Am 17. März 2023 hat der Internationale Strafgerichtshof (IStGH) Haftbefehle gegen Vladimir Putin und eine Präsidialbeamtin erlassen. Diese Entscheidung hat große Teile der Fachwelt überrascht und wirft einige Fragen auf: Auf welcher Basis kann der IStGH Putin verfolgen? Was wird ihm und der Präsidialbeamtin vorgeworfen? Ist er als amtierender Präsident vor Verfolgung besonders geschützt? Welche Staaten sind verpflichtet, den Haftbefehl umzusetzen? Was sind die politischen Folgen für Putin, das Gericht und das Völkerrecht? Der Blogbeitrag geht auf diese Fragen vor allem aus völkerrechtlicher Sicht ein.


President Ilham Aliyev sitting with Prime Minister Benyamin Netanjahu with flags of Azerbaijan and Israel.
The alliance between Israel and Azerbaijan recently celebrated 30 years of diplomatic ties. | Photo:, wikimedia commons | CC BY 4.0

Why Israel Backs Azerbaijan in Nagorno-Karabakh Conflict: It’s Not About Armenia

Amidst the devastation caused by the recent earthquakes in Turkey on 6 February, Iranian Foreign Minister Hossein Amir Abdollahian made a strong statement warning against the threat posed by the Zionist regime to peace and stability in the region. Specifically, he pointed to Israel’s involvement in the Nagorno-Karabakh conflict, where Azerbaijan emerged victorious with significant support from Israel in the form of technology and arms. But why did Israel get involved in a conflict thousands of miles away, with no direct interests? In this post, we’ll take a closer look at Israel’s strategic partnerships with Azerbaijan and Turkey, and how they tie into its involvement in the Nagorno-Karabakh conflict.


Drei F16-Kampfflugzeuge auf einem Flugplatz
Die notwendige Infrastruktur für den Betrieb von U.S.-amerikanischen F-16-Kampfflugzeugen könnte in der Ukraine wohl erst nach einem Waffenstillstand errichtet werden. | Photo: U.S. Air Force photo by Tech. Sgt. Matthew Plew via flickr | Public Domain

Kampfflugzeuge für die Ukraine und das Risiko der Eskalation: Ein Realitätscheck

Nachdem mehrere NATO-Staaten der Ukraine nach monatelangem Ringen die Lieferungen von Panzern zugesagt haben, intensiviert die ukrainische Regierung ihre Forderungen nach Kampfflugzeugen westlicher Bauart. Allerdings wäre die Ukraine auch mit einigen westlichen Jets kaum in der Lage, die leistungsfähigen russischen Flugabwehrsysteme zu zerstören. Darüber hinaus, und wichtiger, stellen westliche Kampfflugzeuge enorme Anforderungen an Infrastruktur und Ausbildung. Eine Lieferentscheidung wäre in erster Linie ein politisches Signal für die langfristige Unterstützung des Landes. Auswirkungen auf dem Schlachtfeld hätte sie zum jetzigen Zeitpunkt nicht.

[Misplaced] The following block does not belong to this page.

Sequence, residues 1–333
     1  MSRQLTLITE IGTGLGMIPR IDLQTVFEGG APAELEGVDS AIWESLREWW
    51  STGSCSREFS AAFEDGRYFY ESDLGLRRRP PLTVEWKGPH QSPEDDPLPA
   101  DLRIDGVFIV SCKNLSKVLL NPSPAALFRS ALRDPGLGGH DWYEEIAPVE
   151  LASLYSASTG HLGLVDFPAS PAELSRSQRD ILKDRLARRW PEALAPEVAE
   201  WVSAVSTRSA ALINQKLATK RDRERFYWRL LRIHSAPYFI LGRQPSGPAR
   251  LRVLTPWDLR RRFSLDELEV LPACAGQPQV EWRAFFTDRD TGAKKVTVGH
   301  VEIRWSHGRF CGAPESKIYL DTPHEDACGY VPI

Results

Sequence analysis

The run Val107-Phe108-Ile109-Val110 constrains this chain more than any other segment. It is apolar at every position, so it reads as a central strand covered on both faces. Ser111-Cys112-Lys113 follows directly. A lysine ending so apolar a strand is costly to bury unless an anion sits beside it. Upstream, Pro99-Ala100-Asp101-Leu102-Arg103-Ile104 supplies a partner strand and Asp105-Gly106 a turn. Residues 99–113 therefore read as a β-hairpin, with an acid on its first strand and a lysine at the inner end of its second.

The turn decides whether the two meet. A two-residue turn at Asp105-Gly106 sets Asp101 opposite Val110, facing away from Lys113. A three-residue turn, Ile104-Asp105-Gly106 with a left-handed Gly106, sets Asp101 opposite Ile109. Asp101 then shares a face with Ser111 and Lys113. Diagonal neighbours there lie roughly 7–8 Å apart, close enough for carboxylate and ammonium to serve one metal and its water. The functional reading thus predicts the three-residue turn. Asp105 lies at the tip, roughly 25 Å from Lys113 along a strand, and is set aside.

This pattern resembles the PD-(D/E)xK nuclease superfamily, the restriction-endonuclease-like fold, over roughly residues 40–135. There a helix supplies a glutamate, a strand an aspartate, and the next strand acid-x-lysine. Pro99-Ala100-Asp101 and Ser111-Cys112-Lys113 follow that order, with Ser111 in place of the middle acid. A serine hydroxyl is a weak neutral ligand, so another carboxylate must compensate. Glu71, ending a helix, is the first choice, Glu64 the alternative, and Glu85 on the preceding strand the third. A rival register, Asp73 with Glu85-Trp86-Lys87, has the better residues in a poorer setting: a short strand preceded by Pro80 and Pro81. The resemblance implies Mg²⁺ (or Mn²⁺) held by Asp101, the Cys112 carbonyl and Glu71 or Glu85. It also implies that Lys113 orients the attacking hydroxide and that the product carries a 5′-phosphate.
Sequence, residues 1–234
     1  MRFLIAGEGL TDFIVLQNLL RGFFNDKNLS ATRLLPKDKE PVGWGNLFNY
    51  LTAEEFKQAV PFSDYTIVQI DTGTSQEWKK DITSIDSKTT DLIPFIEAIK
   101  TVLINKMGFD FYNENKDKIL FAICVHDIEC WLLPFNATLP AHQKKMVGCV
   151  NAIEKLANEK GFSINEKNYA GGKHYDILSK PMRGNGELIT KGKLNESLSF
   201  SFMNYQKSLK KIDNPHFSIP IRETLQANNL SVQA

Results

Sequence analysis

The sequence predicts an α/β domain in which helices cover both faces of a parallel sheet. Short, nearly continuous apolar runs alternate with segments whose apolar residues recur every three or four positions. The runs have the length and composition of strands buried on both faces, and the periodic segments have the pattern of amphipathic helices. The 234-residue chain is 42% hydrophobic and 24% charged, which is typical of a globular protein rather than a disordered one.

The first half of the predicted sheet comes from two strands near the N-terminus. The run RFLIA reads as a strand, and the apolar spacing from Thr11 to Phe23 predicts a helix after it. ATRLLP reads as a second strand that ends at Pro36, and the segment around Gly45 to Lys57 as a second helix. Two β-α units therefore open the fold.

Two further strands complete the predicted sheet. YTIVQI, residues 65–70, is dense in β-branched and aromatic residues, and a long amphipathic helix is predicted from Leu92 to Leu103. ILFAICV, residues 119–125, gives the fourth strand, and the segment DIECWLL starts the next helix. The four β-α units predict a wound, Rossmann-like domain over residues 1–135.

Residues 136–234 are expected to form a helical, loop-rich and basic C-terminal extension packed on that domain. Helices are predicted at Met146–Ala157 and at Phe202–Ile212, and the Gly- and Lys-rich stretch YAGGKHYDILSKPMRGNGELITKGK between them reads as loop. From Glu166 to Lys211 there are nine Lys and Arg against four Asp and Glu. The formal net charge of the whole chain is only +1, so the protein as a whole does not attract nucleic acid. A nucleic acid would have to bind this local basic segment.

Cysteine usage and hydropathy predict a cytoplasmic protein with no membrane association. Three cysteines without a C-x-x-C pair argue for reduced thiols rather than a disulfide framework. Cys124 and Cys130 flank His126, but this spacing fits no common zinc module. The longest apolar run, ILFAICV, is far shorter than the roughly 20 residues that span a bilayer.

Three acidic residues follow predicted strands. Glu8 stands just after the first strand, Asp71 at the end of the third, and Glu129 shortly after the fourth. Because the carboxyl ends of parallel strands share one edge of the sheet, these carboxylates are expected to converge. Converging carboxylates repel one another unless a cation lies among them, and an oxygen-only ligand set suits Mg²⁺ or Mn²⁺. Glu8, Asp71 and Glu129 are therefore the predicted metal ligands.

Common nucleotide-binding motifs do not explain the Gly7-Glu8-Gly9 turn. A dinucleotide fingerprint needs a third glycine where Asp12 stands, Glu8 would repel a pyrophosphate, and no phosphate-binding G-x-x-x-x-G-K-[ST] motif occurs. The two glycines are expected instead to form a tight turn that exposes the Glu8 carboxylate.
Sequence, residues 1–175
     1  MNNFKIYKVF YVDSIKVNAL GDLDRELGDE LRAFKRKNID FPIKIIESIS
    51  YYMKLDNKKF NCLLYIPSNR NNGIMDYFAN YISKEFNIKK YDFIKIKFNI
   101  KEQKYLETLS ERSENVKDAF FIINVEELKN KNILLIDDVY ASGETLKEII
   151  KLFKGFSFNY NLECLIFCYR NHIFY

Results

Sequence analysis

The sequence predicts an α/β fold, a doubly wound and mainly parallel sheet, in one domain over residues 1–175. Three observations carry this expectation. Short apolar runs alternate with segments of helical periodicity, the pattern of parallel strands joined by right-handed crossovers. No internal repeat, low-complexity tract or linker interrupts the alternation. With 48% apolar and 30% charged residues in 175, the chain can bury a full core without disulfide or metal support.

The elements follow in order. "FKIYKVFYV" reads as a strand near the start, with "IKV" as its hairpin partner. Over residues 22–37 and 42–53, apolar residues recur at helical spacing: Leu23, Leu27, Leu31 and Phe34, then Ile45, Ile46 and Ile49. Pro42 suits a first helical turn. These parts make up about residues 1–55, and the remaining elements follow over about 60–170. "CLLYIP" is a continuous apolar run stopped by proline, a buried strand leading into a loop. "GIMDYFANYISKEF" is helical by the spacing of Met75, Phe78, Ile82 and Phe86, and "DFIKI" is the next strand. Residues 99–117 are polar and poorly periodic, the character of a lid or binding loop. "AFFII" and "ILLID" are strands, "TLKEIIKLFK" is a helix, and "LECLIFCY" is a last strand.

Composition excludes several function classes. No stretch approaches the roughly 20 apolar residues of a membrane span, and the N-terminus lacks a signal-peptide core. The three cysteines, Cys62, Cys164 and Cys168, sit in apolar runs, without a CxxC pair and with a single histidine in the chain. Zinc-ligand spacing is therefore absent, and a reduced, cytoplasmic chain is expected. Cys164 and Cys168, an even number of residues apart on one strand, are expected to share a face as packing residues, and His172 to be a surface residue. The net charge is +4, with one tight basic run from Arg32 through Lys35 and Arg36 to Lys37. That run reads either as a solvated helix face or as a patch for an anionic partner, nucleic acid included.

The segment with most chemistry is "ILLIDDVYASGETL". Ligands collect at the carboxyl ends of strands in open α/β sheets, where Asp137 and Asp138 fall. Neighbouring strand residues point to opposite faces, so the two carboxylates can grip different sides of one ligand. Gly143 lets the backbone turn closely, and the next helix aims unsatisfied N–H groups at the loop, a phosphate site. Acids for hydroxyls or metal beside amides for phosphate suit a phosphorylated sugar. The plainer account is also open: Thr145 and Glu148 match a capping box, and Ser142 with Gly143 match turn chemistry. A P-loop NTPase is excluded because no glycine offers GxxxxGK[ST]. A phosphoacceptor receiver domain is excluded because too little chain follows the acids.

Russian Ambassador sits at the Security Council, holding a printed page with images up in the air.
Russian Ambassador Vassily Nebenzia speaks at Security Council meeting in New York, accusing Ukraine of developing biological weapons under the tutelage of the United States. | Photo: © picture alliance / Pacific Press | Lev Radin

Muddying the Waters: Official Russian Disinformation on Chemical and Biologial Weapons

In the wake of Russia’s invasion of Ukraine, chemical and biological weapons have once again attracted international attention due to disinformation efforts on the part of Russian officials. International forums which oversee the ban on these weapons are being used to accuse Ukraine and its allies of violating their legal obligations. Many of Russia’s accusations regarding chemical weapons resemble the patterns of deception observed in the past, while disinformation on biological weapons is displaying somewhat novel characteristics. Yet, there are tangible ways of counteracting such disinformation, thereby protecting the ban on chemical and biological weapons.


A painting by British street artist Banksy is seen on a building destroyed by fighting in Borodyanka, Kyiv region, Ukraine. The painting shows a woman doing a handstand, apparently on the wreckage.
A painting by British street artist Banksy on a building destroyed by fighting in Borodyanka, Ukraine. | Photo: © AP Photo/Andrew Kravchenko

Gender Equality in Times of a Full-Scale War on Ukraine: A Hope for a Better Future?

The work on promoting gender equality in Ukraine continues even in the time of full-scale war, proving that the times of crisis could be used as an opportunity for a positive transformation. Tireless efforts of civil society and its prominent allies in politics have already had some fruits in keeping the topic in the public discourse, updating the National Action Plan (NAP) on UNSCR 1325 ‚Women, Peace and Security’ (WPS), and the ratification of the Council of Europe Convention on Preventing and Combating Violence Against Women and Domestic Violence (Istanbul Convention).